—From CB—


After a two-week absence, seeing old friends, I logged onto my online writers’ circle, the San Francisco Writers Workshop. It has a long history, it’s free, and since Covid, it meets live on Tuesdays in SF and Wednesdays nationwide thru Zoom. I miss live talk and drinking afterwards, but I don’t miss the drive to the city.

A very wide range of styles & talents, mostly all narrative prose—memoir, short story, novel, essay—ranging from a vampire tale to sci-fi to romance to me at my weirdest. While I’m in the second draft of a novel, i’ve found that presenting very short stuff is most useful right now. Is the voice right? Is the character real? Does it flow sentence-to-sentence? Does it hit any glitches? I don’t ask these questions directly, but I listen.

Very rarely does anyone show-boat or fall into abuse. If you have nothing to say, you don’t say it. If you think your comment might be helpful, you do. As a reader you may not get the praise you want, and a comment may be far off the mark, but that’s for you to decide the next time you hunch over your keyboard.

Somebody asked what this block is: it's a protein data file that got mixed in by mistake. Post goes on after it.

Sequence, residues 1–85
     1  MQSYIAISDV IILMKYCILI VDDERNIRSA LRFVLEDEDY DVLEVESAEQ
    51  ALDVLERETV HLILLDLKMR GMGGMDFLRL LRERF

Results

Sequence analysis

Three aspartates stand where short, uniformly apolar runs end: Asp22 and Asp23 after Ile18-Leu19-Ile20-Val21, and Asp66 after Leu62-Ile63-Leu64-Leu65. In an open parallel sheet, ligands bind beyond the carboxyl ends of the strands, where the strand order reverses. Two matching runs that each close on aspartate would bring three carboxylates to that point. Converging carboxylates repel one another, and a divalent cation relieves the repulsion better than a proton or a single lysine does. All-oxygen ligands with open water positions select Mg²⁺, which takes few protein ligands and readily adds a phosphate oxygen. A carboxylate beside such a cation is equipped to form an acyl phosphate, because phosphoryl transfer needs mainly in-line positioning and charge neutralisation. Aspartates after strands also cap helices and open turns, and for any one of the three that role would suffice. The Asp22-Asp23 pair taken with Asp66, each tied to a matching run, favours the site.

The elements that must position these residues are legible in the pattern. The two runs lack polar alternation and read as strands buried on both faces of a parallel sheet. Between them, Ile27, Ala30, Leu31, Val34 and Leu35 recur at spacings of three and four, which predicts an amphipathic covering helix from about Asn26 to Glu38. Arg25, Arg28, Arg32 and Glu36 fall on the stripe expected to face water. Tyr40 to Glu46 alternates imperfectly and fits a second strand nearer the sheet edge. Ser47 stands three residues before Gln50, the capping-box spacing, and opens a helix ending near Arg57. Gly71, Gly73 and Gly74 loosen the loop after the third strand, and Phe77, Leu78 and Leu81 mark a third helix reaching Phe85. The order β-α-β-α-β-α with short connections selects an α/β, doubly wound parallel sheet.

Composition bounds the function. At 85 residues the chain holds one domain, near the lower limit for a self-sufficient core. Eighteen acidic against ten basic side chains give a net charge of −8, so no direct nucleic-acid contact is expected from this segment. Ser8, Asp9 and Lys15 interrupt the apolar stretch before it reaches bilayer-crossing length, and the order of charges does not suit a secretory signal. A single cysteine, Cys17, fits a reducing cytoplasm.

Oddly, one rule to me seems responsible for the absence of horror tales I’ve heard from other writers staggering away, blood dripping down, from critique groups. When you present your pages, you’re not allowed to reply to comments. You come into the circle unarmed: you can’t shoot back.

Pacifism may not stop a Hitler, but it seems to work here. It puts full responsibility on the writer: take it or leave it. If nothing flows from a comment, no one will ever know, as you’re not allowed to present revisions. For me, the comment is only like a symptom, perhaps requiring surgery, perhaps an ignoring, perhaps a slight chiropractic adjustment to bring it into alignment. It’s not about whether I get into Heaven.

That may not be the main cause: there’s a wide age range, so it may be that there’s less of an impulse to strike a blow to purge literature of all folly. But I just want to note that we can come together, driven by the urge to help one another—which is mildly revolutionary.


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